Zinn’s chapter, “A people’s War?” as well as the article “World War Two Was Not A Just War,” changed my perspective on the United States involvement and contributions to World War II. I had previously thought and been told that America did a good job in this war and contributed heavily to the freeing and helping of imprisoned Jews in Germany. However, both the chapter and the article proved otherwise. I was also surprised, but by no means shocked to find out that blacks were still treated so unfairly in America during World War II.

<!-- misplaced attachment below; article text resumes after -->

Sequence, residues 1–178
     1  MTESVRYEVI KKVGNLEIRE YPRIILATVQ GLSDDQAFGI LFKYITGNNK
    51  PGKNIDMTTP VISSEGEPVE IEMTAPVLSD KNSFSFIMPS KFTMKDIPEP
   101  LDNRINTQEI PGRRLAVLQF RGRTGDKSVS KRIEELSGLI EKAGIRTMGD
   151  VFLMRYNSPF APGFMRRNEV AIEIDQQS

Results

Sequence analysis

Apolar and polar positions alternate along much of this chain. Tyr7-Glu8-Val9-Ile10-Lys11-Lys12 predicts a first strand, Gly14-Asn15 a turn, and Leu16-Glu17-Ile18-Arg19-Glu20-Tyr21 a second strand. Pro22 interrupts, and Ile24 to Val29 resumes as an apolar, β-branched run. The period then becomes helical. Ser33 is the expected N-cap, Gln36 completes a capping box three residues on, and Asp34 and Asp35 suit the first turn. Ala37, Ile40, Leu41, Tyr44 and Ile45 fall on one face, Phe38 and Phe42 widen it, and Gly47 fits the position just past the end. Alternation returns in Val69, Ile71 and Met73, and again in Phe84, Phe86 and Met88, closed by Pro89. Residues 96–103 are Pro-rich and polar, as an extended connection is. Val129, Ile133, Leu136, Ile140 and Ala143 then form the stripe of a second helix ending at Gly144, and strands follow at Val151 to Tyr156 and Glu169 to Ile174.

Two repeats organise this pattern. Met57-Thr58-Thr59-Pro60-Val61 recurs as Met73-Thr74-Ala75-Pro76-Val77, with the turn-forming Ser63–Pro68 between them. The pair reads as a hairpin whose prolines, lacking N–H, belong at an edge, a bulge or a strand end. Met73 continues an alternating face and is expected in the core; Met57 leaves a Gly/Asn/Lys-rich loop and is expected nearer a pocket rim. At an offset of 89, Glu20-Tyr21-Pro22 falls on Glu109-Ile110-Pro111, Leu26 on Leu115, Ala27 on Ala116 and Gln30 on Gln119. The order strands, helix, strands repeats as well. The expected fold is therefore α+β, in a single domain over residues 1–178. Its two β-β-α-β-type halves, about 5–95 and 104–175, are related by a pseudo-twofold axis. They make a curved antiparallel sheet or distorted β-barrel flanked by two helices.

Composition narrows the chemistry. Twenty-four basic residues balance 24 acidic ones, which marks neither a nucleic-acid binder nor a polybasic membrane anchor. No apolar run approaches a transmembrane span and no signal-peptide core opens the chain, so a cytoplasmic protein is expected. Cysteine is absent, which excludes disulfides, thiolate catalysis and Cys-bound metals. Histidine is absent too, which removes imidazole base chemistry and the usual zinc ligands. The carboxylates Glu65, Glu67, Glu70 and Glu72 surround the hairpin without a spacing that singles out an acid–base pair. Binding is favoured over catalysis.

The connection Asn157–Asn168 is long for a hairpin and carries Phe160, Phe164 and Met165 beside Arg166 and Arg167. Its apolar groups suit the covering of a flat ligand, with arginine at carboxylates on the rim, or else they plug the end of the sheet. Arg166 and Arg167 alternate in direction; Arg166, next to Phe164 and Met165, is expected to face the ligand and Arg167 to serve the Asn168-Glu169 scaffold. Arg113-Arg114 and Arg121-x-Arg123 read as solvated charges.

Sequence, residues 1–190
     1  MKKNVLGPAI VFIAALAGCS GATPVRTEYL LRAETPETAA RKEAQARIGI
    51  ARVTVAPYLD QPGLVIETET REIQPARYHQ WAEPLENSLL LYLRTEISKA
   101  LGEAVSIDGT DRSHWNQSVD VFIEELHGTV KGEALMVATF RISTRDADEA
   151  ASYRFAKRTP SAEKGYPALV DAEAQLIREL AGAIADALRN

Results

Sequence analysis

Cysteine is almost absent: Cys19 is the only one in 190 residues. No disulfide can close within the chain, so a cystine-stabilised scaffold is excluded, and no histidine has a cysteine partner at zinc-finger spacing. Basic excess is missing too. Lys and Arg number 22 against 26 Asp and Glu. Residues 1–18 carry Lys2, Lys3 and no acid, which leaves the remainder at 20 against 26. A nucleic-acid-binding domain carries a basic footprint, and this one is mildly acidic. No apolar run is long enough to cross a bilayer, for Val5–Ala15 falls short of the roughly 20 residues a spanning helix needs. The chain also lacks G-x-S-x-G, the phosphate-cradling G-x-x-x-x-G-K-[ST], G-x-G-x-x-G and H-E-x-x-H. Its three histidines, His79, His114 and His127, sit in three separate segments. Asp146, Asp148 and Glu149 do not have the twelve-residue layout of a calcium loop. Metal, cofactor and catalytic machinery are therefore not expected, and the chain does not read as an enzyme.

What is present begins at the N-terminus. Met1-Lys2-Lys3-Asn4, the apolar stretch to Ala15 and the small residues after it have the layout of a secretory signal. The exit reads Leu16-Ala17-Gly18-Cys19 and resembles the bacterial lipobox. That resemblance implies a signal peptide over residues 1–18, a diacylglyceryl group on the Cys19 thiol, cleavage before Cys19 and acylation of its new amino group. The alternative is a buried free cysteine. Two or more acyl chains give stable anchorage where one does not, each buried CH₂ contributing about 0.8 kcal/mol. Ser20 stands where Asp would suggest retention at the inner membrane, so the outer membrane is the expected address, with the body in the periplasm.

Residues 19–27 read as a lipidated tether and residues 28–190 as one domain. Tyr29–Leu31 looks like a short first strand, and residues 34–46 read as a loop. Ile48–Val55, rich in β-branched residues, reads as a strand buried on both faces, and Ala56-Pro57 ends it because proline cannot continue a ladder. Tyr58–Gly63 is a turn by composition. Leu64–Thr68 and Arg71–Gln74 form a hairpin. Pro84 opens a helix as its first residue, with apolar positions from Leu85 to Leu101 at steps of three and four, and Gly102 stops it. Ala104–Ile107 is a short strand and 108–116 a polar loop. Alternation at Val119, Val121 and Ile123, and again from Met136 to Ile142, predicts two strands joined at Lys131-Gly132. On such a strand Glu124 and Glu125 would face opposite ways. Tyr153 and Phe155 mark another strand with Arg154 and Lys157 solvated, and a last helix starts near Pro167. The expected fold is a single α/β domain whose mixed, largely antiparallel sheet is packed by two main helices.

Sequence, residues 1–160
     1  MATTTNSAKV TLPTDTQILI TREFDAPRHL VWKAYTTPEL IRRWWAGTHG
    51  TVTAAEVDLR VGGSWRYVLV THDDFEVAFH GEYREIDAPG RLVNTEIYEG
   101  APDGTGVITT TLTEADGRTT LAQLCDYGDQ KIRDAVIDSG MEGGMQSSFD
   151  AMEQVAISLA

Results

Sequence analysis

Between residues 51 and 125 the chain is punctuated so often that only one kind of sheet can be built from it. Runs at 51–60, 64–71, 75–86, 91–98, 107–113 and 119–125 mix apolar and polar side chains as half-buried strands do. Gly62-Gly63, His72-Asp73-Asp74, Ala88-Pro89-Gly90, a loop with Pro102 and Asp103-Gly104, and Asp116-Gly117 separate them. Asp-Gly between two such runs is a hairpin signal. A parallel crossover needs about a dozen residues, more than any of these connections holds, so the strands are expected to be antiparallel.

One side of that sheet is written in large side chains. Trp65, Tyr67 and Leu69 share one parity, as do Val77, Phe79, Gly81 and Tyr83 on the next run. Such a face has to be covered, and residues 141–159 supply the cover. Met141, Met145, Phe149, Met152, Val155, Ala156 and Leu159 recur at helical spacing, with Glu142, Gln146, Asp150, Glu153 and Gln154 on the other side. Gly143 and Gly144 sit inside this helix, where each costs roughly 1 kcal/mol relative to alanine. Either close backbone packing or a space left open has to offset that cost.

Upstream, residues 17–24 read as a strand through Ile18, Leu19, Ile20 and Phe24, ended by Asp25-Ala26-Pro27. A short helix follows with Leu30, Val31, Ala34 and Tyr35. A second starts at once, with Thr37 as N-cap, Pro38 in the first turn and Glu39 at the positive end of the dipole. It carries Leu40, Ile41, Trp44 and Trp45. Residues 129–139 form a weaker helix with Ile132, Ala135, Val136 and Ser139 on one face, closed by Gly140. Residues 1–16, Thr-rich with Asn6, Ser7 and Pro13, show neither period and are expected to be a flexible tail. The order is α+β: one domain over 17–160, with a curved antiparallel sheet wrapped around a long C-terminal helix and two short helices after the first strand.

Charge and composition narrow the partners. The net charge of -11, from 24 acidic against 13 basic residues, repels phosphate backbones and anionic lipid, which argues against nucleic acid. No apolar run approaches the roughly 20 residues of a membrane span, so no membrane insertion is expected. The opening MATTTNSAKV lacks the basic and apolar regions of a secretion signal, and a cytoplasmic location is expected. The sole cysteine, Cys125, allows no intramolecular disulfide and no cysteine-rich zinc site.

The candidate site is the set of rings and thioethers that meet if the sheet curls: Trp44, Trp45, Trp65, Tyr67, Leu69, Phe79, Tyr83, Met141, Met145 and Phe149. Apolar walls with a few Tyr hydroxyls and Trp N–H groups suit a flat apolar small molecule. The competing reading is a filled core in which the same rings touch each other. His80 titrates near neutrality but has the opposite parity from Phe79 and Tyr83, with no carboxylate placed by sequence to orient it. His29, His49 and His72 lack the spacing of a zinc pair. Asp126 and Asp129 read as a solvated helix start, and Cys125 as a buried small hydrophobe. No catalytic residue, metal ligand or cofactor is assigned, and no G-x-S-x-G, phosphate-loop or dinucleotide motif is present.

Our country really didn’t advance before, during, or after World War II. War times are times when a country should be all hands on deck in giving the country the best tools and supplies for success. However, Zinn says, “Despite the urgent need for wartime labor, blacks were still being discriminated against for jobs,” and “Roosevelt never did anything to enforce the orders of the Fair Employment Practices Commission he had set up,” (Zinn 415). The fact that even in the country’s biggest times in need, during a World war, people and our own leader couldn’t get over their discriminations and biases, saddens me. Beyond this, proof that America did not advance before, during, or after the war is the 1960s in America. The rebellions in all aspects of life prove that the citizens were incredibly unhappy and felt the need to lash out in any way they could against the government.